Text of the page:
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Men, Women & Children

A potentially interesting premise is handled so badly that what might have been a provocative drama quickly and irrevocably devolves into the technological equivalent of…

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The Boxtrolls

"The Boxtrolls" is a beautiful example of the potential in LAIKA's stop-motion approach, and the images onscreen are tactile and layered. But, as always, it's…

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Ballad of Narayama

"The Ballad of Narayama" is a Japanese film of great beauty and elegant artifice, telling a story of startling cruelty. What a space it opens…

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Monsieur Hire

Patrice Leconte's "Monsieur Hire" is a tragedy about loneliness and erotomania, told about two solitary people who have nothing else in common. It involves a…

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Toronto International Film Festival 2013: Day Three

On the third day, the skies opened and rain poured down upon Toronto, washing away the sins of the night before so new ones could be committed in the name of film promotion on Saturday—traditionally, the biggest party night of the festival.

Some publicists probably needed a drink even more than usual after screenings of two films, biopic "Mandela: Long Walk to Freedom" with Idris Alba as the South African leader and war drama "The Railway Man" with Colin Firth, both suffered projection malfunctions.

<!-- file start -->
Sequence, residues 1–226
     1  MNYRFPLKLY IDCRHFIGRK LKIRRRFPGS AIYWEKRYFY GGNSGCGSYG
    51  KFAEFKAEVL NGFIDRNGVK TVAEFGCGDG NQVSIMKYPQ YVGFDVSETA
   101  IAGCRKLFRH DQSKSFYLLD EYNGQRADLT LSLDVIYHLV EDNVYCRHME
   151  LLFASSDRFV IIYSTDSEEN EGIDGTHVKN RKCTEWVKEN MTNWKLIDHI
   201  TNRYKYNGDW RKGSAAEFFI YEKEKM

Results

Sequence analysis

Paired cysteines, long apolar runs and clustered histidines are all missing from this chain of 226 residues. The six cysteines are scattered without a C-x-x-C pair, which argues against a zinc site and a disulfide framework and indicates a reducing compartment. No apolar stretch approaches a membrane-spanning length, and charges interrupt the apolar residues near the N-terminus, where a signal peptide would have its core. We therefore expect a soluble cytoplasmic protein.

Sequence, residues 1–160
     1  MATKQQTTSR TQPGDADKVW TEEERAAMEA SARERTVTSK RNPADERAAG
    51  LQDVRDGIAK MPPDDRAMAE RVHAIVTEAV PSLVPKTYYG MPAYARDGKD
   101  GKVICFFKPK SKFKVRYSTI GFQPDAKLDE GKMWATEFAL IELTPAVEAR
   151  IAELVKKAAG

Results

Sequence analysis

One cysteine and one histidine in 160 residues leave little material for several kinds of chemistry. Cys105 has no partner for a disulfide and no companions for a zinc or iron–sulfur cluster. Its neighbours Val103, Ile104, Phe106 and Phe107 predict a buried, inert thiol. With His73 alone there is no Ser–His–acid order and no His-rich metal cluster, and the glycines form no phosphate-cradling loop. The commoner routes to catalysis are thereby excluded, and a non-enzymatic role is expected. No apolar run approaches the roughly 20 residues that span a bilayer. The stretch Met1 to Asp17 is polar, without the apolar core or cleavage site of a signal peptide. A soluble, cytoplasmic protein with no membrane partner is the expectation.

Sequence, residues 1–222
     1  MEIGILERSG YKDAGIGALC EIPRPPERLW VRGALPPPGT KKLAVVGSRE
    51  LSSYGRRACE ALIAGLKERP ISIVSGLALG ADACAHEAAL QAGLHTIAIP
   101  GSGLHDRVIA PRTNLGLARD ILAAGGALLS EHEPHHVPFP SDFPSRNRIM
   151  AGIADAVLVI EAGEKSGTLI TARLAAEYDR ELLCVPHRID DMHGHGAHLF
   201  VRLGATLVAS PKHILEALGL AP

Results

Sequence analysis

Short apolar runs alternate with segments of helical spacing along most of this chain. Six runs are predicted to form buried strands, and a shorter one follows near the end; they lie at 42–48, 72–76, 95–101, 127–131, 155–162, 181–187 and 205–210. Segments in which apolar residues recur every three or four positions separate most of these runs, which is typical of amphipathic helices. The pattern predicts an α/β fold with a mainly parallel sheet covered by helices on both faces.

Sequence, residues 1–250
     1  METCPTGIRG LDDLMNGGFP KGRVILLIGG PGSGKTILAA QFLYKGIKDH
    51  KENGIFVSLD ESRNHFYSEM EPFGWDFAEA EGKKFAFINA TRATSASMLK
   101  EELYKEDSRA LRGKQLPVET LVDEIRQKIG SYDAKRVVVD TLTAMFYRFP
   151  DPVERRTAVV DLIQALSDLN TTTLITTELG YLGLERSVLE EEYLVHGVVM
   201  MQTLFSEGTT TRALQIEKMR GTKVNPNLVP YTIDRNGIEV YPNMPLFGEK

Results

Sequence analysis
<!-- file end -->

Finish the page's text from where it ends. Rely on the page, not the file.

As usual, the Sony Pictures Classics dinner at Yorkville’s Crème Brasserie was the first stop for many of the press and industry types looking for a good free meal before switching to a liquid diet.

This year’s soiree promised a reunion of sorts between Harry Potter and Voldemort. Both Daniel Radcliffe, who stars as Beat poet Allen Ginsberg in "Kill Your Darlings" and Ralph Fiennes, who directs and appears in his Dickens romance "The Invisible Woman," were in the house. But Radcliffe, who has two other films in town, had to fly off on his broomstick after the briefest of appearances. Meanwhile, he who shall not be named lingered and happily imbibed martinis.

Other notables in attendance included director Jim Jarmusch, his trademark white pompadour in full bloom while in town with his contemporary vampire tale "Only Lovers Left Alive." Joining him were cast members Tom Hiddleston and Anton Yelchin.

Next stop was the Fox Searchlight get-together at Spice Route, a sprawling Asian restaurant awash in famous faces thanks to the studio’s roster of four festival films. Inside the bar was the crew of "12 Years a Slave," the ambitious true-life story of a free 19th-century black man sold into bondage. Those celebrating its status as the Toronto film most likely to be a Oscar best-pic contender included leading man Chiwetel Ejiofor and his plantation owner nemesis Michael Fassbender.

Outside in the courtyard was Tom Wilkinson, taking in some fresh air and eager to talk about his upcoming collaboration with Vince Vaughn in the comedy "Business Trip." He appears in another reality-based Searchlight title, "Belle."

Across the street at the hip-and-happening Cibo, where yummy slices of gourmet pizza were washed down with glasses of prosecco, the partyers patiently awaited the arrival of the "Dallas Buyers Club" gang led by Matthew McConaughey and Jared Leto. As is often the case, the guests of honor were running late but the most minglers. But the free goodies and pretty accommodating servers proved to be welcome distractions.

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